These are just some of the strategies.

What about a simple tax on carbon?

That could be part of a solution, and it avoids some of the problems of emissions trading. However, relying on a price signal can only give part of the picture. Again, it could be one tool among many.

There has been a lot of focus on what position the Australian Government carries to the big international climate change meeting in Copenhagen in December. What would you like to see happen at that meeting and what is Australia's role there?

I, and others in Australia and around the world, would like to see emission reduction targets that put us on the path to reducing our greenhouse gas levels to 350 parts per million. It is also important that those who are historically responsible for where we are, now take the lead in reducing their emissions, and don't outsource them to other parts of the world. Emission reductions in low-income countries are important - but not as a substitute for reductions in industrialised countries.

I also hope that Copenhagen produces an agreement that puts money on the table for people who are worst affected by climate change, such as in Bangladesh, experiencing a worsening and increasing severity of storms, people on Pacific islands who need relocation, and those in need of drought assistance in sub-Saharan Africa. All these people need money to adapt - and for those who have to migrate, places to go.

Australia needs to take a leading role in this, but our negotiators have been trying to change the rules around land use and forests so that we can get the highest possible emission reductions on paper while minimising the changes we need to make in practice - this isn't good leadership! Australia is the highest per capital polluter among developed countries and that means we have a particular responsibility. If we are not taking responsibility, how can we ask others to?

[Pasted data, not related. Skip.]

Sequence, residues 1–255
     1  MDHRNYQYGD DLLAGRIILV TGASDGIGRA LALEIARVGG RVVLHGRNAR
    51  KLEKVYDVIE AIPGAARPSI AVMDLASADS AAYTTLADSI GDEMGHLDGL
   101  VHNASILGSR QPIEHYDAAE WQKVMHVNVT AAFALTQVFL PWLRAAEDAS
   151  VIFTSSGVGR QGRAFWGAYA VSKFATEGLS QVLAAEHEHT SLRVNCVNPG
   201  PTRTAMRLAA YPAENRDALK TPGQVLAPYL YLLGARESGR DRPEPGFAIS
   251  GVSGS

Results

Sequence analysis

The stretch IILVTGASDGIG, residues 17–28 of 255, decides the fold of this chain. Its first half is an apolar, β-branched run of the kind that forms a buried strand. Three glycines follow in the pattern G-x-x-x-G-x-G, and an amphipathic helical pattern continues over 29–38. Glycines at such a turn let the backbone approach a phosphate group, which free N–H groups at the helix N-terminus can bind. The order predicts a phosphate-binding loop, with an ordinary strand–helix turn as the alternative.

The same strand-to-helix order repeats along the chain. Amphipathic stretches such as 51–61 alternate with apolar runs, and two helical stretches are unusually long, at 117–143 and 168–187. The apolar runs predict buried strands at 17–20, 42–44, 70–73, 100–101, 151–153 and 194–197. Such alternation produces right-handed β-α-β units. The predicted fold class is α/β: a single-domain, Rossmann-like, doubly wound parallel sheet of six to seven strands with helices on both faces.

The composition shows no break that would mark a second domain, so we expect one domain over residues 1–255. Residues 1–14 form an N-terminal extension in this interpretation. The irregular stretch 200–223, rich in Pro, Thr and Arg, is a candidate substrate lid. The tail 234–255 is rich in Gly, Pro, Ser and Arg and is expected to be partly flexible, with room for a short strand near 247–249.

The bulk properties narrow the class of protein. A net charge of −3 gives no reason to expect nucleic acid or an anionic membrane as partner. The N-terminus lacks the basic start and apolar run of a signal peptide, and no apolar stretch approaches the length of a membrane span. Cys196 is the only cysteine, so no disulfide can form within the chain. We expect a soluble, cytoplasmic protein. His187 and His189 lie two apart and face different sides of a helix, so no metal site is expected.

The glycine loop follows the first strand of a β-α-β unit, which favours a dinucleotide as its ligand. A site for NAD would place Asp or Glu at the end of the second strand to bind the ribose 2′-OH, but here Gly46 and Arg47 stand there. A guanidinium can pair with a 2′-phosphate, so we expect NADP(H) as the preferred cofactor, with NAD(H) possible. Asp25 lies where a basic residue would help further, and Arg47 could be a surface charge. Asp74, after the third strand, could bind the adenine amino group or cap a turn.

What do you think Manna Matters readers should be doing right now?

Get informed and get connected with people in your local community who are active on climate issues, such as a local Climate Action Group. Write to, or visit your MP - tell them you want a fair deal at Copenhagen and that you want Australia to take responsibility to reduce our emissions and not outsource them. Organisations like TEAR and the Australian Religious Response to Climate Change (ARRCC) have letter writing guides that can help.

Do what you can to live out the changes we need to see more broadly. This means things like reducing electricity use, switching to GreenPower, using our cars less, and - really important - reducing our meat consumption. Consumption of meat is large contributor to a household's greenhouse gas emissions.

Talk to others in your church about the issues and why it is of concern for us as Christians. This is not an issue that is going to go away, so keep it in your prayers.

One thing that I and many others are doing is to take part in rallies and nonviolent direct action (NVDA) at coal infrastructure and at government offices, drawing attention to some of the sources of climate change and demonstrating the depth of feeling about the issues. Although NVDA isn't for everyone, there is a strong Christian history of leadership and involvement, and it is a part of effective movements for change. I encourage readers to find out more about NVDA, and to support people who choose this path. Rallies, on the other hand, are community events where everyone can be involved - so look out for the Walk Against Warming at a place near you on 12th December.

Can't do all of this? Choose one thing and do it!